Doug Hubbard

    I have some articles coming out later this year that included additional research not available when I wrote the book. It shows how even completely ineffectual methods can still have a strong placebo effect and users will be convinced they method is “working”.

    I’m also updating my first book, How to Measure Anything, with some of the newer research I incorporated into The Failure of Risk Management.


    Douglas W. Hubbard

    October 6, 2009 at 10:23 pm

  2. Doug,

    Thanks for the clarification. I’ve used the term ad-hoc in the sense that the use of these techniques is often “justified” using arbitrary hypotheses that cannot be refuted easily. However, I take your point that my use of the term could be misleading, so I’ve updated the post to fix this.

    I’ve enjoyed reading your book – a big thank you for writing it. I intend to do a longer write up on the book in a future post.

    I look forward to your other articles on risk management. Will you be making them available on your site?

    Thanks again for your comments.





    October 7, 2009 at 4:05 am

  3. Kailash,

    Very interesting article. If I understood you correctly, you support using the familiar risk metrics, just emphasize the need of using some kind of ‘scale table’ which will defined what is the impact level?

    Also, do you have any recommendations when scaling the mitigation plans in order to get the weighted score?





    October 14, 2009 at 5:42 pm

  4. Gilad,

    Thanks for your comments.

    The problem with many of these methods is that they have no sound theoretical basis. As an example, Cox’s theorem shows that risk matrices, as they are commonly used are inconsistent – i.e. they can result in an incorrect ranking of risks. Any ad-hoc add-on methods such as a scale tables cannot fix such problems.

    Secondly, a host of scoring techniques (weighted scores etc.) use subjective methods to assign scores – i.e. the score assigned is whatever the analyst thinks it should be (without any independent justification). Such assignments are subject to cognitive bias, and hence cannot be trusted unless they are calibrated.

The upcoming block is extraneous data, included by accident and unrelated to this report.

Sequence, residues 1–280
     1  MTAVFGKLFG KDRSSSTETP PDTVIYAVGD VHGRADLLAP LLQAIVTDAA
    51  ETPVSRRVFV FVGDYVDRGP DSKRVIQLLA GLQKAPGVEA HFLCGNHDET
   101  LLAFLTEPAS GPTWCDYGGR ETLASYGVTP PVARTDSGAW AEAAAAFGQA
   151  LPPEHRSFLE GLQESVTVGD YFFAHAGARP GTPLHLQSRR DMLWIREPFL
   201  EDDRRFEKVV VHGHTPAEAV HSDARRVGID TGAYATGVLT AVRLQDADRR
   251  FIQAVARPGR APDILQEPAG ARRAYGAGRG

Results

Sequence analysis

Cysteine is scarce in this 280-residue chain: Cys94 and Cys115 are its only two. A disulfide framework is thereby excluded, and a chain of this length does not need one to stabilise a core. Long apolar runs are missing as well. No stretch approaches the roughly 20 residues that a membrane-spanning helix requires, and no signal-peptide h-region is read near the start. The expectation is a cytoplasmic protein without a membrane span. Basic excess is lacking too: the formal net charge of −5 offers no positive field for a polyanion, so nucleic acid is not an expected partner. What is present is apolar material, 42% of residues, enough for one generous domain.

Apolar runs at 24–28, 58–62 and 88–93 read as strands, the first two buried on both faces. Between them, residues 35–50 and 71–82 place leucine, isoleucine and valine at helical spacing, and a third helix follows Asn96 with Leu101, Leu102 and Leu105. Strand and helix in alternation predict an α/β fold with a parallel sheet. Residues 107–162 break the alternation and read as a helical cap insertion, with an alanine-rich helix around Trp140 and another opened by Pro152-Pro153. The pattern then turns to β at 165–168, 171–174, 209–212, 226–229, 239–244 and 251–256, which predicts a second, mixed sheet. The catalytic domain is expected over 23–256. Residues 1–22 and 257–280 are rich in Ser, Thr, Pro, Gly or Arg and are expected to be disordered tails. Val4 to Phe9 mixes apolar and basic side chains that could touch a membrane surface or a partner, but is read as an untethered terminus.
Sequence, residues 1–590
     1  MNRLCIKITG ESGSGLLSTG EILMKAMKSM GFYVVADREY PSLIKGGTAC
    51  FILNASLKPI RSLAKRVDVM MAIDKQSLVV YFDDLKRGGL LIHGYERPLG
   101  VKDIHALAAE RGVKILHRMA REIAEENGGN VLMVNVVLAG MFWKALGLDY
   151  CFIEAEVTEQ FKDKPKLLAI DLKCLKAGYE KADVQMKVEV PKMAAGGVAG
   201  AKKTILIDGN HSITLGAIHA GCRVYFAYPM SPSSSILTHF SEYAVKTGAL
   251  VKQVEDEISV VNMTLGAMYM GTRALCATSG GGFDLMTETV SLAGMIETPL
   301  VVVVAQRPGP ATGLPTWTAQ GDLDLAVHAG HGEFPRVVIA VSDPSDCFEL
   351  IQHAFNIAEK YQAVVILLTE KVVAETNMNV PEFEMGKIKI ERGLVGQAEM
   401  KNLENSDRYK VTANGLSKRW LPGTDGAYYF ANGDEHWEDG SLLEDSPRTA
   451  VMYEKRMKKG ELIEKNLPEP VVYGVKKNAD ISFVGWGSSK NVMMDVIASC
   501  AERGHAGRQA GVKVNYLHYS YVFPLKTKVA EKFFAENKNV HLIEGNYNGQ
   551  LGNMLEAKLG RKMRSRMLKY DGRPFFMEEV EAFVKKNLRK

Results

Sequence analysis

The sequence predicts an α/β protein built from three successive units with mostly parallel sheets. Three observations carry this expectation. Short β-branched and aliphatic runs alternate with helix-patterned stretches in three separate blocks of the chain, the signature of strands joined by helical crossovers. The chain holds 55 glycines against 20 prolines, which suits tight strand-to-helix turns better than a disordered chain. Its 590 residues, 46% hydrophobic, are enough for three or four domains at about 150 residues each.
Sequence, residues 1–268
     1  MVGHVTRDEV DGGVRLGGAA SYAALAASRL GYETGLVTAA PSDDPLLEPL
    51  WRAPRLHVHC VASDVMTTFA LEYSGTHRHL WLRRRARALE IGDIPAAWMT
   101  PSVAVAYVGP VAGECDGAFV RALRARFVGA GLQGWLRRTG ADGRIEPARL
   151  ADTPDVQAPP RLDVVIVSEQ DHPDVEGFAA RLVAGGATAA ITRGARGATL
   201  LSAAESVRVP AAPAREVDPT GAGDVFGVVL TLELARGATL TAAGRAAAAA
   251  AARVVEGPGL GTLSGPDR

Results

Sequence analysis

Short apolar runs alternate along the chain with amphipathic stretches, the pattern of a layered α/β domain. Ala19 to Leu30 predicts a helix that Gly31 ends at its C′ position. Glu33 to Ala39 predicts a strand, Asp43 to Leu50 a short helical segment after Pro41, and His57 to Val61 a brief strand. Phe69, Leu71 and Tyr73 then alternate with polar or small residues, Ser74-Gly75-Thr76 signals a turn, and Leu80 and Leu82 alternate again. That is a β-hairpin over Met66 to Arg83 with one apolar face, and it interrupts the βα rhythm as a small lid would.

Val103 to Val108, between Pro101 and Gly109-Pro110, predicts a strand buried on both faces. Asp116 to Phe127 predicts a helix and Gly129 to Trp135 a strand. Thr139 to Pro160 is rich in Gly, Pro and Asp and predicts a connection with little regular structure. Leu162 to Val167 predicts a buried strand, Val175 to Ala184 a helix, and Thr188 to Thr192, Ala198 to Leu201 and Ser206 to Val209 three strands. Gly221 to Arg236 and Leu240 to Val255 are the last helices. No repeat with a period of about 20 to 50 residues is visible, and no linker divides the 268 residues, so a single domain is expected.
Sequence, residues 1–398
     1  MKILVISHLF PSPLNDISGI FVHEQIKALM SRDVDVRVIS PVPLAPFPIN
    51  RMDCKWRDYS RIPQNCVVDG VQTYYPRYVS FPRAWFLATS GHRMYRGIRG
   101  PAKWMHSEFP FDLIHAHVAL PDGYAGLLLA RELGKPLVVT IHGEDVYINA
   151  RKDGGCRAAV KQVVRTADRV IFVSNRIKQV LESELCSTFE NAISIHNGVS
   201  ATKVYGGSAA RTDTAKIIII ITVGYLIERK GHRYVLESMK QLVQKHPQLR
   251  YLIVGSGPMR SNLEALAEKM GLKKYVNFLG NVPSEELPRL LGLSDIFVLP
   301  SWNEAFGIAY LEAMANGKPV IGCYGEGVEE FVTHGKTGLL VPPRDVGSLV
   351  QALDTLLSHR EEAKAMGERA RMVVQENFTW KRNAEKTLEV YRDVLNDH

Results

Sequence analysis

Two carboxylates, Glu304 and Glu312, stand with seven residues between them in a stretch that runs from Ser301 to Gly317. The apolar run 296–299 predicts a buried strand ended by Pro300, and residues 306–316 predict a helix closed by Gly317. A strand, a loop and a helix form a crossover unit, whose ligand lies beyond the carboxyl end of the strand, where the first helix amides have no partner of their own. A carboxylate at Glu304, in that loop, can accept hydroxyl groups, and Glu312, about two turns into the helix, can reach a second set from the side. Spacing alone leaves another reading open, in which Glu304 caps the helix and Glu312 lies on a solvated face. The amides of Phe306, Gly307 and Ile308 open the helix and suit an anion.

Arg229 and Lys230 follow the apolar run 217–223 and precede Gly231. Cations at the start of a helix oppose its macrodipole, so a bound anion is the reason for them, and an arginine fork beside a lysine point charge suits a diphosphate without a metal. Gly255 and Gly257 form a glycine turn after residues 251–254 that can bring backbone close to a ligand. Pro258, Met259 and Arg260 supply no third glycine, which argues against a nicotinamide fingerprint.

The third problem Hubbard highlights is the lack of empirical observation or validation: scores are often assigned arbitrarily, and the performance of techniques rarely checked after the project is done and dusted.

    I’m not sure what you mean by a scale table, but any technique that addresses the above issues would be an improvement.





    October 15, 2009 at 6:09 am

  5. […] my posts limitations of scoring methods in risk analysis and cognitive biases as project meta-risks for more on the above […]


  6. […] why a very popular scoring method (risk matrices) is “worse than useless.”  See my posts on the  limitations of scoring techniques and Cox’s risk matrix theorem for detailed discussions of these […]


  7. K,
    Could you give the full citation for your ref to Budescu, Broomell and Po, please? I can’t track the paper from the link you’ve provided.



    April 28, 2011 at 2:31 pm

    • David,

      Thanks for pointing out the broken link. The abstract and full citation can be found here.





      April 28, 2011 at 4:56 pm

  8. […] ad-hoc techniques abound in risk analysis:  see my posts on Cox’s risk matrix theorem and limitations of risk scoring methods for more on these.  Risk metrics based on such techniques can be misleading.  As Glen Alleman […]


  9. […] scales on qualitative data can lead to meaningless numerical measures. See my post on the limitations of scoring methods in risk analysis for an example of this […]


  10. […] because they use quantitative measures to rate decision options However, as I have pointed out in  this post, measures are often misleading. There are those who claim that this can be fixed by “doing it […]